by Barbara Walvoord
Hey, here’s an idea: instead of having to spray our bushes and flowers repeatedly with insecticides throughout the season, why don’t we grow plants that have insecticide already in their tissues, so the whole plant is automatically toxic to insects? Yeah, we could use neonicotinoids–a substance related to nicotine. When taken up by insects’ bodies, neonicotinoids interfere with the insects’ neural system. Great idea. And better yet, when the plant dies, it will return to the soil, and, because neonics last a long time, the soil will then pass on the neonics to new plants.
And hey, let’s put those neonics into our potting soil, and let’s sell landscaping and garden plants that already have neonics in them. Of course, we don’t have to tell consumers–they don’t care, anyway. They just want insect-free flowers and bushes.
Great idea, right? Wrong. Neonics may be present (but not labeled) in up to half of the flowers and bushes on sale this spring, but they are increasingly coming under attack because scientific data show their poisonous affect on our bees, butterflies, and other pollinators.
How to buy bedding plants with no neonicotinoids:
Plants are not required to be labeled as containing neonicotinoids.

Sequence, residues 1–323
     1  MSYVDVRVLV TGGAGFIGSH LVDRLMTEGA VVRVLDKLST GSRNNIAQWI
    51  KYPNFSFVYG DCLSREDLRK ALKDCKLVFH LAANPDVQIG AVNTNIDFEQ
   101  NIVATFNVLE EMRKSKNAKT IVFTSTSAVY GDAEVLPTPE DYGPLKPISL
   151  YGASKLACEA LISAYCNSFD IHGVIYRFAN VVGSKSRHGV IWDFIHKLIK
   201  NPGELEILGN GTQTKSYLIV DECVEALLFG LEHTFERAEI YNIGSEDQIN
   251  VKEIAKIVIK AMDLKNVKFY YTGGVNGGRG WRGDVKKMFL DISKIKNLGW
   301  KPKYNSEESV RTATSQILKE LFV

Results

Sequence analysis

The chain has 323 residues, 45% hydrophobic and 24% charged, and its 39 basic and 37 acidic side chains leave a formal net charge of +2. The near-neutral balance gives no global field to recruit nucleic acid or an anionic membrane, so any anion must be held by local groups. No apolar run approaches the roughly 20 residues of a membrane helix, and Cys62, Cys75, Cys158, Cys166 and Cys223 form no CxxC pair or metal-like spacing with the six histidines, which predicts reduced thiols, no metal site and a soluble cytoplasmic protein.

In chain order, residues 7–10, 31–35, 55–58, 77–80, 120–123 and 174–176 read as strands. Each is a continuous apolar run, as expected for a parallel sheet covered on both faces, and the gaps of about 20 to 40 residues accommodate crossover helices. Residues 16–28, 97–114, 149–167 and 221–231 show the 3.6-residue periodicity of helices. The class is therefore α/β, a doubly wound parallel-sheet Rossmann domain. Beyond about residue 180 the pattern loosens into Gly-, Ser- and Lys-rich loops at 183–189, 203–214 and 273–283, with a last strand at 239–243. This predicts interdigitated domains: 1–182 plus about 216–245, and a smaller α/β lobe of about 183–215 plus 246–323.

- Nasami Farm in Whately or or Project Native in Housatonic sell native plant s. No neonics.
- Lowes has pledged to remove all neonics from its bedding and potted plants in the coming four years ( http://www.nbcnews.com/science/environment/lowes-announces-ban-bee-killing-pesticides-n338631)
- Home Depot announced last summer that it would label all its plants that contain neonics, according to the same NBC report.
- For any nursery, ask about neonicotinoids. They go by names such as imidacloprid, clothianidin, dinotefuran, thiamethoxam, acetamiprid, and thiacloprid.
If you lived in Ontario or in any European Union country, you couldn’t buy any plants with neonics, because those nations have concluded there is too much harm to bees, butterflies, and otherpollinators. Our own EPA recently announced it would not issue any new permits to use neonics.
A Penn State University website, in collaboration with the Xerxes Society, presents a 2012 peer-reviewed paper by a group of scientists who, in an objective way, summarize the research literature just in regard to bees (http://ento.psu.edu/publications/are-neonicotinoids-killing-bees).
Here are some of what these scientists term “clearly documented facts:”
- Neonicotinoids can kill bees.
- Even if they don’t die, exposed bees can exhibit problems with flying and navigation, reduced taste sensitivity, slower learning of new tasks, greater time to maturity for the larvae, and greater susceptibility to pathogens that have been implicated in colony collapse disorder.
- Neonics persist in the soil for a long time and can be taken up by subsequent plants. Neonics break down into other substances, some of which are equally toxic.
The scientists recommend that warnings be placed on all bedding or potted plants that have neonics and that the U.S. government consider banning them altogether.